Are you barely making ends meet? Dodging debt collection calls? Unable to meet your monthly expenses much less save money for emergencies or retirement? If this sounds familiar, you may want to consider credit counseling. Many credit counseling agencies are nonprofit, and will work with you to find the best solution to your financial problems. But beware — just because a credit counseling agency says it is “nonprofit” doesn’t guarantee that its services are free, or even affordable, or that its services are legitimate.
Choosing a Credit Counseling Agency
Reputable credit counseling agencies advise you on how to realistically manage your money and your debts, help you develop a workable budget, and usually offer free educational materials and workshops.
Credit counselors should be certified and trained in the areas of consumer credit, money and debt management, and budgeting, and should discuss your entire financial situation with you, and help you develop a personalized plan to solve your money problems without pushing a debt management program. An initial counseling session typically lasts an hour, with an offer of follow-up sessions.A reputable credit counseling agency should also provide you with free information about itself and the services it provides, without requiring you to provide any details about your situation. Once you’ve developed a list of potential counseling agencies, check them out with the Better Business Bureau to see if they have a satisfactory record, how many complaints (if any) have been filed again the credit counseling agency, and for what reasons. The United States Trustee Program also keeps a list of credit counseling agencies that have been approved to provide pre-bankruptcy counseling.
Questions to Ask a Credit Counseling Agency
Here are some questions to ask to help you find the best credit counseling agency for you.
- What services do you offer? – Look for a credit counseling agency that offers a variety of related services, including budget counseling, and savings and debt management classes. Avoid agencies that push a debt management plan (DMP) as your only option before they spend a significant amount of time analyzing your financial situation.
- What educational materials/information do you offer? Is it free? Avoid credit counseling agencies that charge for educational materials or other written information.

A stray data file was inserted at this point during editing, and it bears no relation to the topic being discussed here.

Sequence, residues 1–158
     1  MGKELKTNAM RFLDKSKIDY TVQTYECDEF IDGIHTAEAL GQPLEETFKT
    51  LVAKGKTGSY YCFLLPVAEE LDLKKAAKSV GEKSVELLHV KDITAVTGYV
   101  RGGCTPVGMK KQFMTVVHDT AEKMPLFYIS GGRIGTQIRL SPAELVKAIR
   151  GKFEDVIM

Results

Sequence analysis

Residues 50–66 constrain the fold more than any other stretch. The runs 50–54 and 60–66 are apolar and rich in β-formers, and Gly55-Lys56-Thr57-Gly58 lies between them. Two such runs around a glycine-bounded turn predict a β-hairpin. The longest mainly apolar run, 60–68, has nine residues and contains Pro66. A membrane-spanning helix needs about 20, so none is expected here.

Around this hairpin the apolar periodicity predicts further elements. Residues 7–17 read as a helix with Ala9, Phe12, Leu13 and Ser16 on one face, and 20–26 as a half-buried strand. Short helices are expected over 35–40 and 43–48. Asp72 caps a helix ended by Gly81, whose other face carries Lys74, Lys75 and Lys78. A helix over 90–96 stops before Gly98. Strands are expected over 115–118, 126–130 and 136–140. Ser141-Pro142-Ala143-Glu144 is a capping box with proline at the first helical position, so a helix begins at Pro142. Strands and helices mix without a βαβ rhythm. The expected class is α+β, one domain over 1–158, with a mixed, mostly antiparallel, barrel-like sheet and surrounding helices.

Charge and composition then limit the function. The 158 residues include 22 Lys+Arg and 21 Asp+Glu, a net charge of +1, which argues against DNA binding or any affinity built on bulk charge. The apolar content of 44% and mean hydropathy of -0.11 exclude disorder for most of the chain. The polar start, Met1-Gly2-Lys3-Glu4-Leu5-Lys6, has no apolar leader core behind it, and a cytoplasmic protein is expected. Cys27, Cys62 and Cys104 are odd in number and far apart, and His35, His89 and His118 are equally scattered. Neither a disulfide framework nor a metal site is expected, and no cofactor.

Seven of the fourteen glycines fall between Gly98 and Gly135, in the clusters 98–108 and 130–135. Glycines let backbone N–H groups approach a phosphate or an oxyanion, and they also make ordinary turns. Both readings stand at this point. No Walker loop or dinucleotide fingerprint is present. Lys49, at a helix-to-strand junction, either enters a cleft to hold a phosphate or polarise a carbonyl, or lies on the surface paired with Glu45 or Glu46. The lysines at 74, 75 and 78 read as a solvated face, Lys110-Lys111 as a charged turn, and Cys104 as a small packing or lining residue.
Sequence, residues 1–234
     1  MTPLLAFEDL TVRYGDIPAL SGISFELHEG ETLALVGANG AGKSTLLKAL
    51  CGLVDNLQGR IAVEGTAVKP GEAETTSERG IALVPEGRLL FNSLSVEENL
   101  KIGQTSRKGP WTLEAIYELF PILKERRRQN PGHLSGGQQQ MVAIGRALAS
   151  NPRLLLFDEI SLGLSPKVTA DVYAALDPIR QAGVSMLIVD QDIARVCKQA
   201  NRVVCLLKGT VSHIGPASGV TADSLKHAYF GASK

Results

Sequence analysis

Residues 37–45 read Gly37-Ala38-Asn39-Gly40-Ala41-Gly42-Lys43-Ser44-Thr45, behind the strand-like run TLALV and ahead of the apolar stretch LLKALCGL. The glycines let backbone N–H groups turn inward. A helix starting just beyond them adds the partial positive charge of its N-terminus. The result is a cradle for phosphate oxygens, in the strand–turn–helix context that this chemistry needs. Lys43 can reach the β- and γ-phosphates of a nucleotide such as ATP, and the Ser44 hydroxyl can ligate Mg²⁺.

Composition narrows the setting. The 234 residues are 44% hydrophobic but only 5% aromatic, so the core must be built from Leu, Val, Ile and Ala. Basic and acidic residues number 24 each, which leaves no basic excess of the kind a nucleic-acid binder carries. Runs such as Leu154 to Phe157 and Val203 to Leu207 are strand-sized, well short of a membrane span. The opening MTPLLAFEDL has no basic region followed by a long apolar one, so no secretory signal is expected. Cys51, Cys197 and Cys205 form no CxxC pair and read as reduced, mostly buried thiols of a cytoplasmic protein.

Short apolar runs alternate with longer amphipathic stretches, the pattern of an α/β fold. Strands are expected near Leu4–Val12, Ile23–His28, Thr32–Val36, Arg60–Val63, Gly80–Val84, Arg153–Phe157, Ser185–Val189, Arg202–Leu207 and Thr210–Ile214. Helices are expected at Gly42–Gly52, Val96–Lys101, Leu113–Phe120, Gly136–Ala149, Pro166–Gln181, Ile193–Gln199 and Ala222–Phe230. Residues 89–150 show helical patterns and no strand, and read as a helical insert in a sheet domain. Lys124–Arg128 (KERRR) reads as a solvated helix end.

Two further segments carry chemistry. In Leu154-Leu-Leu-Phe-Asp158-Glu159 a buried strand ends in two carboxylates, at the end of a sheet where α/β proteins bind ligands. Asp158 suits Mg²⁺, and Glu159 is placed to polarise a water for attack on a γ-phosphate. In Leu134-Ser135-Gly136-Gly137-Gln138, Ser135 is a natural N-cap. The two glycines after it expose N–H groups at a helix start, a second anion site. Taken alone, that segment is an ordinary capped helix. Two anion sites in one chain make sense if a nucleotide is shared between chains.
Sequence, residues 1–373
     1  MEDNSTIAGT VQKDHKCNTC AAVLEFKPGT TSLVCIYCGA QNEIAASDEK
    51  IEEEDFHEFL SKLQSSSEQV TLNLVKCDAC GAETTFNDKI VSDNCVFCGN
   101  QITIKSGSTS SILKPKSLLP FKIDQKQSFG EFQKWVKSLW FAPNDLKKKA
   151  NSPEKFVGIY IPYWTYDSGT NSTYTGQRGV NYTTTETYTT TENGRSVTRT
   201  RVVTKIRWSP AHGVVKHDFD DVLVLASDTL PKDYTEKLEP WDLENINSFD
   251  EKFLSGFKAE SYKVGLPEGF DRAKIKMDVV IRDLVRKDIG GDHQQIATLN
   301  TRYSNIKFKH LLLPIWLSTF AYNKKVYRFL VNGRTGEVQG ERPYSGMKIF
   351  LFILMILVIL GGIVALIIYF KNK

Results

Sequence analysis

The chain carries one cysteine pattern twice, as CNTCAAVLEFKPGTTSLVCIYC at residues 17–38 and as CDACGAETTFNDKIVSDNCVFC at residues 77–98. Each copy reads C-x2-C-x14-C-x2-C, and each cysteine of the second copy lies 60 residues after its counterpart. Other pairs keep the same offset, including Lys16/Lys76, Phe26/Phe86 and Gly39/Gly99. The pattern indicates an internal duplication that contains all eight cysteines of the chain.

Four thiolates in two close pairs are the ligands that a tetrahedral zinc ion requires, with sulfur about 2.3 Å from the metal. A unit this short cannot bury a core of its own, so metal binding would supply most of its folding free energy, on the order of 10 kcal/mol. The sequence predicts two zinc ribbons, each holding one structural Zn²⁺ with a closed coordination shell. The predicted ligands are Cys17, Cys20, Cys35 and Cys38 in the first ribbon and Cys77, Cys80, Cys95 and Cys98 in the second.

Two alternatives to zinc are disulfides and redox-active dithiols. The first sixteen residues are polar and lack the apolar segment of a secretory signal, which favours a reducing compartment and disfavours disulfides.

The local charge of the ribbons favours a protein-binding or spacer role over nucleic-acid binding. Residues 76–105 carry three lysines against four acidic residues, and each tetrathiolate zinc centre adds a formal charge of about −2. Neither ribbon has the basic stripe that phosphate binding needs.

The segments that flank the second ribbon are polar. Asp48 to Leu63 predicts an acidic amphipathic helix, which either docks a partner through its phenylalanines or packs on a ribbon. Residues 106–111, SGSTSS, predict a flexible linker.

- What are your fees? Are there set-up and/or monthly fees, how are they broken down? Get a specific price quote in writing and make sure you understand exactly what fees you’ll be charged, and what services you’ll receive for each fee.
- What if I can’t afford to pay your fees or make contributions? Under the terms of the Pension Protection Act of 2006, non-profit credit counseling agencies must provide services for free if a consumer is unable to pay. If a for-profit credit counseling agency is unwilling to work with you, look for a non-profit agency.
- Will I have a formal written agreement or contract with you? Make sure you get a written agreement which sets for any promises that have been made, and the fees you will be charged. Don’t sign anything without reading it first.
- Are you licensed to offer your services in my state? Many states require credit counseling agencies to be licensed in each state, so make sure any agency you do business with is licensed (if necessary) and is able to do business in your state.
- What are the qualifications of your counselors? Are they accredited or certified by an outside organization? If so, by whom? If not, how are they trained? Try to use an organization whose counselors are trained by a non-affiliated party and who have a background in debt management, consumer credit and budgeting/finance.
- Do your employees work on commission? If employees earn a commission for signing you up for certain services, making a contribution, or enrolling you in a debt management plan, you should steer clear.
Debt Management Plans
If your financial problems stem from too much debt or your inability to repay your debts, a credit counseling agency may, after spending time thoroughly reviewing your financial situation, recommend that you enroll in a debt management plan. A DMP alone is not credit counseling, and DMPs are not the right choice for everyone. Even if a DMP is appropriate for you, a reputable credit counseling organization still will help you create a budget and teach you money management skills.